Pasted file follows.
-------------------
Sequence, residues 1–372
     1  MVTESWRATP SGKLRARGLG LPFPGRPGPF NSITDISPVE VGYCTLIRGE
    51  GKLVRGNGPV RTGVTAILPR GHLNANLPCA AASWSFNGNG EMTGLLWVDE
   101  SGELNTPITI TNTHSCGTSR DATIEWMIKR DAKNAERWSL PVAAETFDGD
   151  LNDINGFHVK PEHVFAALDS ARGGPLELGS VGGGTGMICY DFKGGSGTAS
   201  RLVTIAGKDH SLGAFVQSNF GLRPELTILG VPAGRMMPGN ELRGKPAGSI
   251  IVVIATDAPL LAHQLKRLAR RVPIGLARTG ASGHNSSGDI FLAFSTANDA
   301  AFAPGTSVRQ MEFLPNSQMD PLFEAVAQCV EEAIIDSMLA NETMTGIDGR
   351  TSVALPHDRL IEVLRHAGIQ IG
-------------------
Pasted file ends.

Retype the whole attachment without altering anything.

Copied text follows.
Sequence, residues 1–372
     1  MVTESWRATP SGKLRARGLG LPFPGRPGPF NSITDISPVE VGYCTLIRGE
    51  GKLVRGNGPV RTGVTAILPR GHLNANLPCA AASWSFNGNG EMTGLLWVDE
   101  SGELNTPITI TNTHSCGTSR DATIEWMIKR DAKNAERWSL PVAAETFDGD
   151  LNDINGFHVK PEHVFAALDS ARGGPLELGS VGGGTGMICY DFKGGSGTAS
   201  RLVTIAGKDH SLGAFVQSNF GLRPELTILG VPAGRMMPGN ELRGKPAGSI
   251  IVVIATDAPL LAHQLKRLAR RVPIGLARTG ASGHNSSGDI FLAFSTANDA
   301  AFAPGTSVRQ MEFLPNSQMD PLFEAVAQCV EEAIIDSMLA NETMTGIDGR
   351  TSVALPHDRL IEVLRHAGIQ IG